With The Common Wealth, we decided early on that every chapter was always going to be 3 pages. So the storytelling is a lot more compressed, which is an entirely new way for me to work. Kahlil was decompressed, often using no more than 4-5 panels per page. For comparison, The Common Wealth has a 17 panel page. It moves a lot quicker, and I wrote for that speed, which I think fits for a heist story.
AG: The Common Wealth is a really exciting story about a master thief. Can you tell us a bit about switching from working on a character like Kahlil, who is a beacon of hope, to a character who makes a living on crime? In what ways are they similar or different?
KR: Kahlil’s history and part of his character has some of me in it. Not the Superman part so much; his experience of growing up in Karachi is similar to my own. And the Superman side to the character is, I think, a political take, insofar as a brown, Muslim, Pakistani Superman would be a political symbol to the world.
Qasim is different. He cares about doing his job (stealing things) well, and the people close to him. The greater world doesn’t concern him so much. And so while there’s definitely a political angle to The Common Wealth insofar as what they’re stealing is political, I’m not sure that is what motivates Qasim.
Also they’re both Pakistani, which is great.
AG: Crime has a rich genre history in comics as well as other mass media, like film and pulp novels. Are there any big sources of inspiration you’re drawing from for this story?
KR: I saw Ocean’s Eleven for the first time when I was eleven I think? I’ve seen it a dozen more times since, I truly love that movie. So that vibe, the sheer confidence of that film, the idiosyncrasies of the Eleven, the complexity and impossibility of the job ahead of them, and the charm of Clooney, is always what I’m thinking about when writing the comic.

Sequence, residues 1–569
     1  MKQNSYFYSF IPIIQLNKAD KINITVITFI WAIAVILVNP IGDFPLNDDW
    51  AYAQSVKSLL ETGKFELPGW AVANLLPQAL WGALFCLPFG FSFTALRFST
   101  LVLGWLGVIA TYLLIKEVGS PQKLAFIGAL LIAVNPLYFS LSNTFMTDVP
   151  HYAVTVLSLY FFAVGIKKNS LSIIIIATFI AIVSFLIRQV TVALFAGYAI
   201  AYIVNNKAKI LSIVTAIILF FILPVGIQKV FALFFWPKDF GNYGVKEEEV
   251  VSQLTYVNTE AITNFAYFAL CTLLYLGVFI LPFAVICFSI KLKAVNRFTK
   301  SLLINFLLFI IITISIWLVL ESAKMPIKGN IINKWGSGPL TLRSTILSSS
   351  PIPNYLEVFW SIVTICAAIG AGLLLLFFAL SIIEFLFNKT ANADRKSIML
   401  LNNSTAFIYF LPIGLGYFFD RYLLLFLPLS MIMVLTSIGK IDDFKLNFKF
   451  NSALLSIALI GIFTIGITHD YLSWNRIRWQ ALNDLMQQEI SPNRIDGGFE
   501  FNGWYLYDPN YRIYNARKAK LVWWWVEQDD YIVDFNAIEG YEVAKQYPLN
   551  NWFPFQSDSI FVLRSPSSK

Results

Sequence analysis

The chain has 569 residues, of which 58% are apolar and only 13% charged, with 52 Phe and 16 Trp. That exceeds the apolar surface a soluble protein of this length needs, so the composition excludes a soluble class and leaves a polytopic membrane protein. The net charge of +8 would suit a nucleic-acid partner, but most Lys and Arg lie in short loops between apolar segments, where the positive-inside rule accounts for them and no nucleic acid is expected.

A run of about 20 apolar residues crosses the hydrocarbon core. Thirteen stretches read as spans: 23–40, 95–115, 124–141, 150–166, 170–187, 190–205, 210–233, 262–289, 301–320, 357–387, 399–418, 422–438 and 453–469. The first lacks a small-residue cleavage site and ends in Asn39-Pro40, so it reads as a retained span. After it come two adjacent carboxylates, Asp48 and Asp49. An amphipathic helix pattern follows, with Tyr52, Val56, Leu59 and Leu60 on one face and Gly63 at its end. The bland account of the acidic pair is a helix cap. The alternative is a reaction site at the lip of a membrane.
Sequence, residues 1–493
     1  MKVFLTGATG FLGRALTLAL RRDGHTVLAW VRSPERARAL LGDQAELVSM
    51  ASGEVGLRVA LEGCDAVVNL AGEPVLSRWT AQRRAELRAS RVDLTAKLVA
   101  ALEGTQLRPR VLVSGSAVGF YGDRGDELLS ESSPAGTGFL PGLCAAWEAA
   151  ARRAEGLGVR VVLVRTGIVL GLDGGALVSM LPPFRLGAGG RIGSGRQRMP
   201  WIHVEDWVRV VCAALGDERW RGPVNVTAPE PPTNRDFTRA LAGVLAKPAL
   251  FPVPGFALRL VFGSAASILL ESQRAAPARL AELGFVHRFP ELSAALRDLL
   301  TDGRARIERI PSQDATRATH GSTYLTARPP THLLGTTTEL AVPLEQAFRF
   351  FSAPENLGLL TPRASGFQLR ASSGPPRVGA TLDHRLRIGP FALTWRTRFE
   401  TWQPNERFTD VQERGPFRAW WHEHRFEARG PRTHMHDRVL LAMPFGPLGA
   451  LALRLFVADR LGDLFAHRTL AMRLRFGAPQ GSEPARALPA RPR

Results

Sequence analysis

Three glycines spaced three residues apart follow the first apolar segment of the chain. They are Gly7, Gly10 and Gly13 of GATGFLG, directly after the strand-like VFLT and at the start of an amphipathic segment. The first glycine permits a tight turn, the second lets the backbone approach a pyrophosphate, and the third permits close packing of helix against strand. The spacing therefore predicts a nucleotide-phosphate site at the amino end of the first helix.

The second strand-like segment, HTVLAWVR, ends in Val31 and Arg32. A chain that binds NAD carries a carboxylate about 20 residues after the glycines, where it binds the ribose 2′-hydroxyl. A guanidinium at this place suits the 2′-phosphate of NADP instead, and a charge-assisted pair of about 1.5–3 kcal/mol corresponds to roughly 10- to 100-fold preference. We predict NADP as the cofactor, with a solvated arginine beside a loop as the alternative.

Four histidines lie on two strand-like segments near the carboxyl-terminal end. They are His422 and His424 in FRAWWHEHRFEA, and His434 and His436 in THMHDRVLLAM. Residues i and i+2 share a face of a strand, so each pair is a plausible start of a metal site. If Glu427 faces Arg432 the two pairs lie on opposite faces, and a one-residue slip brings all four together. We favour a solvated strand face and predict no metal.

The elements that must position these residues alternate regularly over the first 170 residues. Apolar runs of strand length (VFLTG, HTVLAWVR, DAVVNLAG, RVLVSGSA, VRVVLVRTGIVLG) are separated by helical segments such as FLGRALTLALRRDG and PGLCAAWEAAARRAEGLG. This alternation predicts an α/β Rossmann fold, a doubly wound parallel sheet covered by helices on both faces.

I’m usually thinking about the charm of Clooney anyways.
AG: There’s a really interesting dynamic going on in your story, where you’re arguably telling the stories of more than one kind of “thief.” There’s the man who is in prison for stealing, and then there’s also the British Empire, who have committed mass theft on a scale no one person could pull off. And then, you also have a mega-rich billionaire who hires people to do his stealing for him (perhaps in more than one way). Is there anything you think these figures have in common? Any major differences?
KR: I think there’s a certain brazenness and confidence to the types of theft they’re all wanting to commit. The British Empire plundered India, amongst other places, because they could. The billionaire wants the only thing he cannot buy, for bureaucratic reasons as much as – even he couldn’t afford it. And while justice is one of the motivating factors for Qasim in his job, ultimately he thinks this one last impossible job will grant him freedom. So ultimately what separates those characters is what motivates them to steal.
AG: I’m really excited to see how this story plays out! What do you hope readers will enjoy most about The Common Wealth?
KR: Thanks! The thing I’ve always loved most out of comics are the character interactions and dialogue. I worked hard to get that right, and I think people are going to enjoy it. It’s going to be fast-paced and a lot of fun. I know I’ve enjoyed making it.
BUN&TEA will be launching a Kickstarter for its first season very soon! Keep an eye out — we’ll be sure to tell you more as the launch unfolds! In the meantime, you can read Kumail Rizvi’s Kahlil here, and you can find him online on Twitter and Instagram!